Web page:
Of late, growing vegetables in the city has become the preferred hobby for well-educated hipsters. But the modern concept of urban agriculture is much older and broader than its trendiness would suggest; for example, Ebenezer Howard's Garden City movement began in the late 1800s. The new book Carrot City: Creating Places for Urban Agriculture (The Monacelli Press, $50) delves into the past and present of city farming, examining 40 recent and future projects that weave in edible greenery among the concrete.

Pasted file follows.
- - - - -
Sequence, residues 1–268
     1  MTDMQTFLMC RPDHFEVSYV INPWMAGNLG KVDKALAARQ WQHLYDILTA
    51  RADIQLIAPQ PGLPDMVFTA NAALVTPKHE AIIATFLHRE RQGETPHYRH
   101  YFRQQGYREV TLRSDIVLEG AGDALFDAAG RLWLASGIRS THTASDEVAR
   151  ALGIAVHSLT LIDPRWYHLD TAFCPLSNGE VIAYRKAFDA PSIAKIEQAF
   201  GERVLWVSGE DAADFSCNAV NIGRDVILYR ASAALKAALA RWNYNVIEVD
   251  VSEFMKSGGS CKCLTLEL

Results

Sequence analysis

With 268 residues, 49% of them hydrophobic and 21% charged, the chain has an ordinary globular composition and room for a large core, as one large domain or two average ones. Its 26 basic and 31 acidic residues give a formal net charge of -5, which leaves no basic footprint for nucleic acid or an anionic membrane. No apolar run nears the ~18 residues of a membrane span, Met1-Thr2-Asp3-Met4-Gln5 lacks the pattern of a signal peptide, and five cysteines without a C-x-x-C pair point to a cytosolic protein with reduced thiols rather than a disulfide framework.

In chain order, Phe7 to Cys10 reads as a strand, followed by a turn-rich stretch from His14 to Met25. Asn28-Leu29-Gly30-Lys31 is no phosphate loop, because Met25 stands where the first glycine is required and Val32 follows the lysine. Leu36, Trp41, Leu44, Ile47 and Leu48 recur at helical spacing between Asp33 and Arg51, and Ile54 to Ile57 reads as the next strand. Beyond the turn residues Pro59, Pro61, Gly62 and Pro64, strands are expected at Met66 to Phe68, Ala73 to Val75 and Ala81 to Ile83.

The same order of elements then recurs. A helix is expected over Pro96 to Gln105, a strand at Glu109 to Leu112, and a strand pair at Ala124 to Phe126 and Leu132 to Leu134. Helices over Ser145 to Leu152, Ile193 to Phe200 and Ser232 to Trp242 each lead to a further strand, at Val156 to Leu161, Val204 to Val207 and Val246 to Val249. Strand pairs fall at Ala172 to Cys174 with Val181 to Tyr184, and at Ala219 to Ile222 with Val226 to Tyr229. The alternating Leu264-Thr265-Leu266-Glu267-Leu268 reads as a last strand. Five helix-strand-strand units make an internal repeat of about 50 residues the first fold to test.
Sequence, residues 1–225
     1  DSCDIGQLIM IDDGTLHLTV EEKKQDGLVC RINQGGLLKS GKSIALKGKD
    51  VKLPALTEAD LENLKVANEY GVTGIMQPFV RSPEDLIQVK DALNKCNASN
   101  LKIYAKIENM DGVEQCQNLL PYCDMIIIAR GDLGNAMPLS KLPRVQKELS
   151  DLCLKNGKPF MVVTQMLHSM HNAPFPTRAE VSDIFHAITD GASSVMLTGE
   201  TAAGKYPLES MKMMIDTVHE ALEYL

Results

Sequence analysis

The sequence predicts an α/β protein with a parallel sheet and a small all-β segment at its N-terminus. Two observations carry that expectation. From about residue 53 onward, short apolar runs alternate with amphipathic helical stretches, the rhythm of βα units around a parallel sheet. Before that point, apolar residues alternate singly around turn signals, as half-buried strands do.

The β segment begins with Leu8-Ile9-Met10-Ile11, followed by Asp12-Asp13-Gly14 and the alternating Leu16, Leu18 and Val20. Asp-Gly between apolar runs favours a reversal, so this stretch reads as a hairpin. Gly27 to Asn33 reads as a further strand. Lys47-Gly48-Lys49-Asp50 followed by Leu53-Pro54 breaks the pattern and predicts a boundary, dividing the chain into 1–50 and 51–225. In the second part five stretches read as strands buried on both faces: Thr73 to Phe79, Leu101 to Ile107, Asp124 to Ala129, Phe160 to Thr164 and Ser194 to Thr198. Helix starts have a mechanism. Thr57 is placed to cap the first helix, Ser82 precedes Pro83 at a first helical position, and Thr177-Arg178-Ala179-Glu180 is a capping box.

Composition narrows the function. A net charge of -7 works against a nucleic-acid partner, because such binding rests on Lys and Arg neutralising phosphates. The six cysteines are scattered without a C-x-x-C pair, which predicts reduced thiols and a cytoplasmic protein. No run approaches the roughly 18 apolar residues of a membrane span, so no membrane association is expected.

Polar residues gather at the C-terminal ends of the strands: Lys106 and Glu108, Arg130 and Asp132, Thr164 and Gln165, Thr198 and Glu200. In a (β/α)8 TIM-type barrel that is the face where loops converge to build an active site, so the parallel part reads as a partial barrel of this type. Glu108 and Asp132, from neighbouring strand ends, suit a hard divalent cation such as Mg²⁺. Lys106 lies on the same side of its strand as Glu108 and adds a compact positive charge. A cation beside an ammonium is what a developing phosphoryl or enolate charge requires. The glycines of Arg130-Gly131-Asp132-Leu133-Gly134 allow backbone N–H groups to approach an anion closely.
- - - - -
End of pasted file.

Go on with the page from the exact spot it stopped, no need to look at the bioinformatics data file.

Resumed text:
Authored by architects Mark Gorgolewski and June Komisar and urban agriculture expert Joe Nasr, the book highlights mostly Canadian and American projects, with a few from the U.K., the Netherlands, and one each from China and Argentina. Built projects, like Teeple Architects' 60 Richmond Street East Housing Co-operative in Toronto (featured in our March 2008 issue), mingle with unbuilt ones such as Mithun's Center for Urban Agriculture in Seattle.
Both of these efforts are part of the book's “Redesigning the Home” chapter, which focuses on urban farming in residential communities. Another chapter is devoted entirely to products and systems that facilitate urban agriculture, such as composters and greenhouse technologies.